How Zero Works


Zero's Strange Properties
The multiplication property of zero: Regardless of what the other number is, multiplying by zero always results in an answer of zero.
The multiplication property of zero: Regardless of what the other number is, multiplying by zero always results in an answer of zero.
Getty Images/Thinkstock

That zero manages to be both a non-negative and non-positive integer yet is neither negative nor positive is just one of the unique properties of the number. In fact, there is a group of these strange characteristics called the properties of zero.

The addition property of zero says that if you add or subtract zero from any other number, the answer will always result in the other number. 5+0=5 and 9,000,017-0=9,000,017, for example. It reflects the concept of zero as representing nothing -- so nothing added to something leaves that something unchanged -- zero is the only number that doesn't alter other numbers through addition or subtraction.

The additive inverse property of zero reflects its position as the fulcrum between the negative and positive integers. Any two numbers whose sum is zero are additive inverses of one another. For example, if you add -5 to 5, you arrive at zero. So -5 and 5 are additive inverses of one another.

The multiplication property states what every third-grader knows: Multiplying any number by zero results in a total of zero. It's obvious once ingrained but perhaps the reason is overlooked. Multiplication is, in one effect, a shortcut for addition. 3x2 is the same as 2+2+2, so the idea that a number can be added zero times or that zero can be added to itself any number of times is mathematically senseless [source: Carasco].

The concept of dividing by zero is even more senseless, so much so there is no property for it; the concept simply doesn't exist since it can't be carried out. Even mathematicians often struggle to explain why dividing by zero doesn't work. The reason is essentially related to the multiplication property. When dividing a number by another number, for example 6/2, the result (in this case, 3) can be meaningfully plugged into a formula where the answer multiplied by the divisor equals the dividend. In other words, 6/2=3 and 3x2=6. This doesn't work with zero when we replace 2 with it as the divisor; 3x0=0, not 6 [source: Utah Math]. The concept of dividing by zero is fraught with illogical consequences, so much so that its mythical destructive power has become a joke on the Internet.

There is also the property of the zero exponent; because of the existence of negative exponents, numbers to the negative power, numbers to the zero power always equal one. Although this works mathematically, it too presents logical problems. Chiefly, zero to the zero power still equals one, although zero added or subtracted to or multiplied by itself should equal zero [source: Stapel].

Behold, the power of zero.

Related Articles

Sources

  • Arsham, Hossein. "Zero in four dimensions." University of Baltimore. Accessed April 18, 2011. http://home.ubalt.edu/ntsbarsh/zero/zero.htm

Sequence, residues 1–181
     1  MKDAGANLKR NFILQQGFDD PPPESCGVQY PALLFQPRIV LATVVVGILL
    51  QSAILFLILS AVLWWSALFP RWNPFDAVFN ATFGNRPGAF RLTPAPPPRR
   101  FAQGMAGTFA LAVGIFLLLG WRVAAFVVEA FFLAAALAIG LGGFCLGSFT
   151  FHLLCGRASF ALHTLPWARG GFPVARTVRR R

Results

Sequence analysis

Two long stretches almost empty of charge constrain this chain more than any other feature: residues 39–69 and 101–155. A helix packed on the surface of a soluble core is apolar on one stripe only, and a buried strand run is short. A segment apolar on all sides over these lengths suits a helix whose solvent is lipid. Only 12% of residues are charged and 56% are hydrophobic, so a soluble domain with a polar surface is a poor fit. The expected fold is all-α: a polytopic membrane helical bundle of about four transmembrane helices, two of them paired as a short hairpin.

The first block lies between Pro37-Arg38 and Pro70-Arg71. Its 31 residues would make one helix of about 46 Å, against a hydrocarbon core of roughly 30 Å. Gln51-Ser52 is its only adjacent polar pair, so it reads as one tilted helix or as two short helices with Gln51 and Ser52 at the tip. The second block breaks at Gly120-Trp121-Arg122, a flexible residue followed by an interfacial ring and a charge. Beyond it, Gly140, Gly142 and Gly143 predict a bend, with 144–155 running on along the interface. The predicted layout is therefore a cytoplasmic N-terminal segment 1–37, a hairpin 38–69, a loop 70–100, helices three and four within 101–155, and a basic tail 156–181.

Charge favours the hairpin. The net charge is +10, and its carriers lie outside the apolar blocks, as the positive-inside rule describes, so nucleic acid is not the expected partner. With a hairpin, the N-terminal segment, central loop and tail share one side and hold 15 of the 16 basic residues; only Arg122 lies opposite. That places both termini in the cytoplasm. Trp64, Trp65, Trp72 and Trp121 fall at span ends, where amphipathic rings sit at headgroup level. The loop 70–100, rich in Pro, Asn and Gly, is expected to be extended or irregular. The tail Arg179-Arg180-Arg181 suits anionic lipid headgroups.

• Ask Dr. Math. "Division by zero." The Math Forum at Drexel University. Accessed April 5, 2011. http://mathforum.org/dr.math/faq/faq.divideby0.html
  • Carasco, Jester. "Properties of zero." Basic-Mathematics.com. Accessed April 18, 2011. http://www.basic-mathematics.com/properties-of-zero.html
  • Forex Realm. "Fibonacci biography and facts." Accessed April 15, 2010. http://www.forexrealm.com/technical-analysis/fibonacci/fibonacci-biography-history-facts.html
  • Gray, Jeremy. "Book review: Zero: the biography of a dangerous idea." Notices of the AMS. October 200. http://www.ams.org/notices/200009/rev-gray.pdf
  • Knott, Dr. Ron. "Who was Fibonacci?" University of Surrey. March 11, 1998. http://www.maths.surrey.ac.uk/hosted-sites/R.Knott/Fibonacci/fibBio.html
  • Matson, John. "The origin of zero." Scientific American. August 21, 2009. http://www.scientificamerican.com/article.cfm?id=history-of-zero
  • O'Connor, J.J. and Robertson, E.F. "The history of zero." University of St. Andrews. November 2000. http://www-history.mcs.st-and.ac.uk/HistTopics/Zero.html
  • Pepperberg, Irene and Gordon, Jesse D. "Number comprehension by a grey parrot (Psittacus erithacus), including a zero-like concept." Journal of Comparative Psychology. 2005. http://www.alexfoundation.org/papers/JCPAlexComp.pdf
  • Saudi Aramco World. "Zero, key to numbers." November 1961. http://www.saudiaramcoworld.com/issue/196109/zero.key.to.numbers.htm
  • Seife, Charles. "Zero: the biography of a dangerous idea." Penguin. 2000. http://books.google.com/books?id=obJ70nxVYFUC
  • Singh, Simon. "5 numbers - zero." BBC. March 11, 2002. http://www.bbc.co.uk/radio4/science/5numbers1.shtml
  • Stapel, Elizabeth. "Negative exponents." Purplemath. Accessed April 18, 2011. http://www.purplemath.com/modules/exponent2.htm
  • Stockton, J.K. "Date miscellany I." March 10, 2010. http://www.merlyn.demon.co.uk/miscdate.htm#AstDat
  • Teresi, Dick. "Zero." The Atlantic. July 1997. http://www.theatlantic.com/past/docs/issues/97jul/zero.htm
  • The Straight Dope. "Is zero a number?" Accessed April 5, 2011.http://www.straightdope.com/columns/read/1633/is-zero-a-number
  • University of Utah Mathematics Department. "Why can't we divide by zero?" February 17, 1997. http://www.math.utah.edu/~pa/math/0by0.html
  • Wolfram Math World. "Natural number." Accessed April 5, 2011. http://mathworld.wolfram.com/NaturalNumber.html

More to Explore